Explained by Chris
Reiser and Dick (1990) present their new model for evaluating instructional software,
including a study in which the new model was field tested.
Their model focuses on the extent to which students learn the skills
a software package is intended to teach.
Using this approach, educators will be better able to reliably identify software that is instructionally effective.
Software evaluation organizations are helping teachers and school administrators
select appropriate software for the students' needs.
Most organizations use similar criteria to evaluate instructional software.
Evaluators have to make subjective judgements about:
- the accuracy of the content and its match to typical school objectives,
- the instructional and technical quality of the software.
Without testing students after they use the software, judgements regarding the instructional effectiveness of software are primarily speculative.
Subject-matter experts (teachers) are not able to reliably identify software that is instructionally effective
- The teachers' ratings were not valid indicators of the instructional effectiveness of the software.
- The most effective spelling program received the lowest teacher rating.
- The least efffective spelling program was highly rated by the teachers.
- The rank correlation between the educators' ratings and the actual instructional effectiveness of the various verions of the program was -.75.
- Those versions that the educators rated as likely to be highly effective were actually the least effective, and vice versa.
Subjective ratings are more negative than ratings based on field tests
- In 10 of the 36 cases, the earlier ratings were more negative than the ratings based on the field tests.
- In another seven instances, there were areas of agreement and disagreement.
- Valuable information can be gathered by field testing software.
Subjective ratings differ largely from person to person
- Very low correlation between the two sets of ratings.
- Their ratings of the instructional and technical characteristics of 29 pieces of software contrasted even more.
- Subjective evaluations of software are not reliable.
|Description of the model|
The authors' primary criterion to judge the effectiveness of software
is the extent to which students learn the skills the software is intended to teach.
Step 1: Identify software of interest
Step 2: Identify general characteristics of software
Step 3: Still interested in software?
Step 4: Identify or develop instructional objectives
Step 5: Indentify or develop test items and attitude questions
Step 6: Conduct one-on-one evaluation
Step 7: Is further evaluation necessary?
Step 8: Need to change test items?
Step 9: Make changes to test items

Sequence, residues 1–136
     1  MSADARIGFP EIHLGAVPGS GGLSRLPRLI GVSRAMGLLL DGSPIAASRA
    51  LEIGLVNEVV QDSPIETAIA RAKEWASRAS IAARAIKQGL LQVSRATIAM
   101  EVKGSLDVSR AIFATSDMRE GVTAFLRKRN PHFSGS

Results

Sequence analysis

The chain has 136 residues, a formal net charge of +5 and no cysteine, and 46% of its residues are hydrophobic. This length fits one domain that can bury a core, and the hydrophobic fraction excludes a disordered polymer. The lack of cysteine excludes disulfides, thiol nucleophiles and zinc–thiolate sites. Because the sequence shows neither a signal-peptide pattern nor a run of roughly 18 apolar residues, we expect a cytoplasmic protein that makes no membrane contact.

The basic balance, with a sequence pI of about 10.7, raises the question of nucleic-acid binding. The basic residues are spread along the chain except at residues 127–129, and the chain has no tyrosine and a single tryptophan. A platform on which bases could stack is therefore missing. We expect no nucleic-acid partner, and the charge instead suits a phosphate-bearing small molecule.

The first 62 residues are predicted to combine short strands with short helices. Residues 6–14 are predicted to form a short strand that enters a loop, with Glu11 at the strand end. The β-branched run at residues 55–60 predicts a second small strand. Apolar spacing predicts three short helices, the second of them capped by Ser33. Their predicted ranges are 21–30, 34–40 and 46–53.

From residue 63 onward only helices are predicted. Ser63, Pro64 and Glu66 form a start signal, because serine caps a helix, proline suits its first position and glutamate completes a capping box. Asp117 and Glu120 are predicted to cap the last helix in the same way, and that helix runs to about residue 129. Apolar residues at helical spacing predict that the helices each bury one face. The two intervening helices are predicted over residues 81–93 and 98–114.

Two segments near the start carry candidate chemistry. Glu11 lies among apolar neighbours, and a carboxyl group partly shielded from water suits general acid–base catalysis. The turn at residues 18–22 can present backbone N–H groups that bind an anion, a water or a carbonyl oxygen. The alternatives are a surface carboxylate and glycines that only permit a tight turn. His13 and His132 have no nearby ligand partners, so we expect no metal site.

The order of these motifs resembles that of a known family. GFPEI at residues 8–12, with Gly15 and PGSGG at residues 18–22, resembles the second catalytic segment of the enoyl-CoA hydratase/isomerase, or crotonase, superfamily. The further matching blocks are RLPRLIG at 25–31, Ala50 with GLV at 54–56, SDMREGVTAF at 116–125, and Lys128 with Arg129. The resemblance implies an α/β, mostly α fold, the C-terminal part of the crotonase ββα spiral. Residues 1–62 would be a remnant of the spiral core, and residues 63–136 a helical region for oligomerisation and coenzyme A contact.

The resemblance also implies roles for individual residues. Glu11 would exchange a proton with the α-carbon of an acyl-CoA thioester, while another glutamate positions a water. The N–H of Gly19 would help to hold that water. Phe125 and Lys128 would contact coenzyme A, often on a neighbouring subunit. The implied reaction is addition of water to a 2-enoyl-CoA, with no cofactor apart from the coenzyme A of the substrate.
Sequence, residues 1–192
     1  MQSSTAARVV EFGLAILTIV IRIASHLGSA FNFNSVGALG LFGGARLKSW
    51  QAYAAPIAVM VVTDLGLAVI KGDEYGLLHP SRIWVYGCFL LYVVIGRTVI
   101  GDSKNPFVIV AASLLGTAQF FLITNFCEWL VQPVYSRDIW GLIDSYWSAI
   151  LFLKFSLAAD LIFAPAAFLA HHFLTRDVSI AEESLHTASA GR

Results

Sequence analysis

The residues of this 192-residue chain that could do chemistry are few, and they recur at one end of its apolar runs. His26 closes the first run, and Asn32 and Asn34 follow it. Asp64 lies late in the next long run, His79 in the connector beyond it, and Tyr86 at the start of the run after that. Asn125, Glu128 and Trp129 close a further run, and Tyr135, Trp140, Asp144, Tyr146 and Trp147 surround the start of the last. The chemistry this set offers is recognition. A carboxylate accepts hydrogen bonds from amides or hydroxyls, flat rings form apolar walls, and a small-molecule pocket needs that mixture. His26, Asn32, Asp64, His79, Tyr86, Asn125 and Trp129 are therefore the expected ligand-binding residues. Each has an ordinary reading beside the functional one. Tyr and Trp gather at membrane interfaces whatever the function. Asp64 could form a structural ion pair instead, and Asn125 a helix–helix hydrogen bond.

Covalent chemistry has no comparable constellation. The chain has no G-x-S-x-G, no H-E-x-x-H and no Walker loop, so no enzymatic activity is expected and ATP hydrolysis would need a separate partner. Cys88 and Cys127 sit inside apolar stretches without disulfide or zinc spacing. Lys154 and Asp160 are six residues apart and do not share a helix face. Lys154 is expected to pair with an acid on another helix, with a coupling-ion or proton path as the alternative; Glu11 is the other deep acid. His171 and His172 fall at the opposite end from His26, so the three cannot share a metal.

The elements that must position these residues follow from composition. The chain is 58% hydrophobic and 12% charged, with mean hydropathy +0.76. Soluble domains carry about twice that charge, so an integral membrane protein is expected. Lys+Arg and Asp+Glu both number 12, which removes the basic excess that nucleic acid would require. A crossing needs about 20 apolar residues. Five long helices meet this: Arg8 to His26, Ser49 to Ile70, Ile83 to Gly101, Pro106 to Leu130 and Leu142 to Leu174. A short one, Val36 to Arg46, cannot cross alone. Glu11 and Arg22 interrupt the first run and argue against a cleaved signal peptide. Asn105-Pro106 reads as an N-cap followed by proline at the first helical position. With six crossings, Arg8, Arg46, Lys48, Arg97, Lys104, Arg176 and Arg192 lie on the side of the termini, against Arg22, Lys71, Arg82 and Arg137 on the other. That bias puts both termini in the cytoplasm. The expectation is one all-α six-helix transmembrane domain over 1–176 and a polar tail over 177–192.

Step 10: Conduct small group evaluation
Step 11 (two weeks later): Administer retention test
Step 12: Write evaluation report
|Initial evaluation of the model|
The authors determined the effectiveness of the model:
- one with 8 correct answers (out of 15),
- one with 5 correct (average),
- and one with 1 correct.
- The high-ability student (8 in pretest) spelled 14 words correctly, gain: 6.
- The average student (5 in pretest) spelled 10 words correctly, gain: 5.
- The low-ability student (1 in pretest) spelled 9 words correctly, gain: 8.
8 and 9
- pretest 4.2 correct,
- posttest 11.1 correct,
- retention test 6.8 correct.
2.6 (average gain) * 100 / 10.8 (possible average gain = 15-4.2) = 24%.
- Have learned something from lesson (1.1 average response).
- Program operated smoothly and effectively (1.1 average response).
- Would recommend the instruction to a friend (1.1 average response).
- Enjoyed the experience (1.3 average response).
Final decision about this spelling program:
- They were pleased with the large initial gain on the posttest,
- and they were impressed with the extremely positive response of the students toward this instruction.
- They liked the informations about performance of particular students (who did better than expected).
Therefore, the teachers indicated that they would recommend this software program to their colleagues.
|Implications of the initial evaluation of the model|
The authors interviewed the classroom teacher and the resource teacher
to get their reactions to the software evaluation process:
- They appreciated the idea to collect student data as part of the software evaluation process.
- If they had the time to do so, they would use the model to evaluate other pieces of software.
- Unless they were given some release time to evaluate software, they would be unlikely to use the model.
- They suggested, that resource teachers could conduct such evaluations, or that software evaluation services should incorporate the model.
- The teachers suggested to simplify the model: only one-on-one stage (and no small-group session), all three students participating individually but together in a single one-on-one session.
Chris Mueller (email@example.com)
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